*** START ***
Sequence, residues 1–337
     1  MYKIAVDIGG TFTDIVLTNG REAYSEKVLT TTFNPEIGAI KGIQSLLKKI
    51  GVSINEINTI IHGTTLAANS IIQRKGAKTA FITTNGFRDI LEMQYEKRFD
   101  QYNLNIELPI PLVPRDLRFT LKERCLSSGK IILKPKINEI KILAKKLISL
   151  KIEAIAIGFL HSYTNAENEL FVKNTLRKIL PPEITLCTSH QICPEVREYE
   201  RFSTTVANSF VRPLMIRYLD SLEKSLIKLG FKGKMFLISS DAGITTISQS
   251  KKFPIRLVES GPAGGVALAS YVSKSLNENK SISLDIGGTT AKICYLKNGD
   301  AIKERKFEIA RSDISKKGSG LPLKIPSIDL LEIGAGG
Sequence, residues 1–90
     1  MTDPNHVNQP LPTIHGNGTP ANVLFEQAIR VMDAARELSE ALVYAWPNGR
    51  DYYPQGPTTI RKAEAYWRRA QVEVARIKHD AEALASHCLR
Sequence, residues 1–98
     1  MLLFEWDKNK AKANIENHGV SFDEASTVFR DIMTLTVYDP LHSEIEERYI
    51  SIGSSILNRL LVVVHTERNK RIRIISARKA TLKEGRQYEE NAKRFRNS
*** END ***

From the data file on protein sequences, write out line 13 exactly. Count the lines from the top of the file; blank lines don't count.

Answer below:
     1  MLLFEWDKNK AKANIENHGV SFDEASTVFR DIMTLTVYDP LHSEIEERYI